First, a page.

Grajo plays a version of doom metal that manages to move with great ease between trippy moments and more abrasive sections. The LP consists of 6 tracks, all of them interesting and deep, with a couple of peaks which elevate the album among the best things we heard so far in 2018. One of the most interesting characteristic of the music from Grajo is the capacity of these musicians to build up breathtaking atmospheres and to insert so many interesting and varied elements in their songs that, in the end, the experience of listening to the album becomes a very pleasant journey with many stages. It’s easy to recognized the great effort that these guys from Córdoba have put into the realization of this work: the songs are never imprecise or approximate, and the band really managed to balance the multiple influences from which they draw, without ever losing the direction they have given to their music.
#3) “HEXENHAMMER” by Witchsorrow
For many years I’ve been visiting the area of Farnborough, in England, which is home to one of the most important events in the aerospace and defense sector (where I work). I’ve thus become quite familiar with the green hills of Hampshire, where you can still breathe and feel the atmospheres of the Saxon times. These lands so rich in history have guided and inspired the first steps of the British doom metal band Witchsorrow, which released this year the fourth album of a notable and excellent discography.
Hexenhammer, the new LP from the band, generates from the passion and the hard work of three doom metal fanatics, and I like to think that they have been somehow guided by the mystic and creative influence of Lee Dorrian, who’s one of the most important figures of British doom scene. As a matter of fact, Hexenhammer owes a lot to the sounds and style of Lee Dorrian’s band Cathedral, especially for what concerns the perfeect balance between the sung parts and the thick walls of sound that are generated by the guitars. There are of course many other influences in their music, from sludge to stoner, and everything is mixed to perfection.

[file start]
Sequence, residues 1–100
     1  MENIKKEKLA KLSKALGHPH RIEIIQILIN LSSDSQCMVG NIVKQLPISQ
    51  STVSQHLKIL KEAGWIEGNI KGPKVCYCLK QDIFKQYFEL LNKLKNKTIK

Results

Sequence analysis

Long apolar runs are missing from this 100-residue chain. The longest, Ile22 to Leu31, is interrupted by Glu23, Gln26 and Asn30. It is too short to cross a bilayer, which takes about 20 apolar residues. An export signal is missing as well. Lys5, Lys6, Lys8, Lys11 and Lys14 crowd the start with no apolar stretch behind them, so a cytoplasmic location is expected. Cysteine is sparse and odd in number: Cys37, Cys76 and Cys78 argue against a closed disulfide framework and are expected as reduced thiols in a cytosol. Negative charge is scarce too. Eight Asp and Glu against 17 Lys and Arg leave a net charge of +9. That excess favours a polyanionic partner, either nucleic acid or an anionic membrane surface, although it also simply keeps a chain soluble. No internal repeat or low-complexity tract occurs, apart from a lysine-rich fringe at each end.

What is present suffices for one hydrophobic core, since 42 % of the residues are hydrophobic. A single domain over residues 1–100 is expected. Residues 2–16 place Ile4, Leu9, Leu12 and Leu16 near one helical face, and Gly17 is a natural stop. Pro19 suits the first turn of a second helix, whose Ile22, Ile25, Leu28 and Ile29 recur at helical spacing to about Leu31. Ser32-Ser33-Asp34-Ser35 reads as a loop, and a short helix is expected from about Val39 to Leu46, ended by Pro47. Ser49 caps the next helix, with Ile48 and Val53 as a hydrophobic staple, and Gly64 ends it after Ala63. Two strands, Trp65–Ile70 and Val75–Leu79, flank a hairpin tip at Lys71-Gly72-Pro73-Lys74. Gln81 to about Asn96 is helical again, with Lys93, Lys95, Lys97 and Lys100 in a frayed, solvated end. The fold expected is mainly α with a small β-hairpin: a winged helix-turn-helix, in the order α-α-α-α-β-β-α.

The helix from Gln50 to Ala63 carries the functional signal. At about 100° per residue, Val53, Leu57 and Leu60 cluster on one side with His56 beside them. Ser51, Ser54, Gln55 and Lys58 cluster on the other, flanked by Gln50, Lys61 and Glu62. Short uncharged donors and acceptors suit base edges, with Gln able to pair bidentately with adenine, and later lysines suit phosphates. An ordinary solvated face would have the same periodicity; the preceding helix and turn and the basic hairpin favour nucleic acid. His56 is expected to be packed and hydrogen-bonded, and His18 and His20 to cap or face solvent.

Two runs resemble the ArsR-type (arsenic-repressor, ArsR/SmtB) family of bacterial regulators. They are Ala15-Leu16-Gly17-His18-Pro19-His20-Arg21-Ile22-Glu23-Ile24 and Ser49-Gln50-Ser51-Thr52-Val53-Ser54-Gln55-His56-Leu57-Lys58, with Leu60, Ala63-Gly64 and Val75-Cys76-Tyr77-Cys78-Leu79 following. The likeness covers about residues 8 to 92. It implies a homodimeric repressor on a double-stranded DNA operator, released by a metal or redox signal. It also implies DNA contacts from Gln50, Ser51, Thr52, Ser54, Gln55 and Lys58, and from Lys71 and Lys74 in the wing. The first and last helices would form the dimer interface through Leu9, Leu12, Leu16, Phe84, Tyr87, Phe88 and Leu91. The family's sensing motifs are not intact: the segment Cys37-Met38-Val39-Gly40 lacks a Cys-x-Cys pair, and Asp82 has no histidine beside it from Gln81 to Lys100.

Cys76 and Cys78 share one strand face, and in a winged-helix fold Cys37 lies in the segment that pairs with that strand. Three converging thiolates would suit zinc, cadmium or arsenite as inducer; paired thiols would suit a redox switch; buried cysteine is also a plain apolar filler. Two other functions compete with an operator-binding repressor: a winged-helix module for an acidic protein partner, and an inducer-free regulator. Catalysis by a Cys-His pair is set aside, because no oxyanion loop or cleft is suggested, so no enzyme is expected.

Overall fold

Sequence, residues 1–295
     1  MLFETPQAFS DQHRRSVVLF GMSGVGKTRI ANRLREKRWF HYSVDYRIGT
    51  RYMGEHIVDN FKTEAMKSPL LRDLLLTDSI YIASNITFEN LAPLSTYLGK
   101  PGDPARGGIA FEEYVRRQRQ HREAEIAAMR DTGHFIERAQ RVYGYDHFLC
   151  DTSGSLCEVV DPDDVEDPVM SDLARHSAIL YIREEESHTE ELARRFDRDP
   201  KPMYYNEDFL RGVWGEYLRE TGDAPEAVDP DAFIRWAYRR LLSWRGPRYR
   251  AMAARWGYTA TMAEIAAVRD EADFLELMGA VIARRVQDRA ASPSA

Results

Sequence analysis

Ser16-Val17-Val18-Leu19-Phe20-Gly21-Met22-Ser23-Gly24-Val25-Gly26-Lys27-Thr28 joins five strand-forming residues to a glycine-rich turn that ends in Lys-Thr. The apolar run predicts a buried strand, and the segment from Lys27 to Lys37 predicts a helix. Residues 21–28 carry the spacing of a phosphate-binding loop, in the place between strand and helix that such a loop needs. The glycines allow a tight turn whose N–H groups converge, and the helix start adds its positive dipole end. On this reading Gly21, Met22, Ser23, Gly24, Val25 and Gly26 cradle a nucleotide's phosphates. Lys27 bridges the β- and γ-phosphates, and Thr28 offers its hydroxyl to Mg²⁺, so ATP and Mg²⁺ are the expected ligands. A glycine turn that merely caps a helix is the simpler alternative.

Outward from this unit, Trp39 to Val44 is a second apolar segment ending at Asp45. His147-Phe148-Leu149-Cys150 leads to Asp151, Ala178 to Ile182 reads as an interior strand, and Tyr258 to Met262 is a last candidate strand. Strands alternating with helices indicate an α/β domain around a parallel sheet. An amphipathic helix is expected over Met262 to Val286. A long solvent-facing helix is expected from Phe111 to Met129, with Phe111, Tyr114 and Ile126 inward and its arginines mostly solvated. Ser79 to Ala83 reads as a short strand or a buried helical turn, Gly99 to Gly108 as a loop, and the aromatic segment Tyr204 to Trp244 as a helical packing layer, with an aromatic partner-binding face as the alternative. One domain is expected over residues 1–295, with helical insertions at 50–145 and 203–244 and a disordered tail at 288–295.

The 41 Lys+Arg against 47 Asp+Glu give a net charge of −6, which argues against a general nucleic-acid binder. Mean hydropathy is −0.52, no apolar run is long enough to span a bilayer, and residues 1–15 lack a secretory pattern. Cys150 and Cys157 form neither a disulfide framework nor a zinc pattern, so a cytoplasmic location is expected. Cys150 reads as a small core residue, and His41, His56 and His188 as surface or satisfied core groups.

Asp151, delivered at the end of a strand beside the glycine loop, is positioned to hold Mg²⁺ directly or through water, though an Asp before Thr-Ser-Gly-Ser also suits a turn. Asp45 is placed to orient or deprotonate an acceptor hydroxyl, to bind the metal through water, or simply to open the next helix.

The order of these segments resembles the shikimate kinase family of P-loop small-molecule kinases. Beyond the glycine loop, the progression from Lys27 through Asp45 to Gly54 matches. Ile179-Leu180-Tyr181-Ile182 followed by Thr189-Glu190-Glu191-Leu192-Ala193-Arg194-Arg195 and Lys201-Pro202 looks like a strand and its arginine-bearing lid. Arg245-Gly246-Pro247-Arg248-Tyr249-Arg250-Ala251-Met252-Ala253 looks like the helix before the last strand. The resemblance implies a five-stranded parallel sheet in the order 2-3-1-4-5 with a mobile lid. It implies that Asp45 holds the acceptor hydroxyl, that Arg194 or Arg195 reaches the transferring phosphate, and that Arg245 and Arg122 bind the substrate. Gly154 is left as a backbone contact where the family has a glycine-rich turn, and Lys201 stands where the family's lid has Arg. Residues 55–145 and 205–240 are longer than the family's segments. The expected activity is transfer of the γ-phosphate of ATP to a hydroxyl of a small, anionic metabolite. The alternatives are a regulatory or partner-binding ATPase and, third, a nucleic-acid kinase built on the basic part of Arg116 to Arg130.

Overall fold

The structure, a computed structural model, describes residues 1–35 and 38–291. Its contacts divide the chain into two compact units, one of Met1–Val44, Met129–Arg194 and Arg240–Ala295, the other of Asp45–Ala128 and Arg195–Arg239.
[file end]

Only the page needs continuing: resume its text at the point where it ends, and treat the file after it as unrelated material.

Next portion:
This is an album that has the potential to become itself a classic and a reference for the future generation of doomers. The quality of this work is absolutely top-notch, both in terms of sound and atmospheres. Of course this music is not easily accessible outside the ranks of the fans of doom and sludge; nevertheless, I believe that everyone should try the experience of listening to a piece of this record, at high volumes, even for just a few minutes, ideally with the night breeze of Farnborough blowing on your shoulders.
The album is available for streaming on Spotify.
#4) “FEAST FOR WATER” by MESSA
Thanks to one of those fortuitous circumstances through which we sometimes discover small niche groups, a few weeks ago I came across the new work of the Italian group Messa, which has released an extremely interesting album called Feast for Water. The band plays an intriguing blend of genres that they define “Scarlet Doom” and which merges basically the sounds of stoner metal with the style and themes of doom. The recipe is further enriched with nice inserts of avant-garde and sonorities of the 70’s, and the final product is then completed with the beautiful voice of the female singer Sara.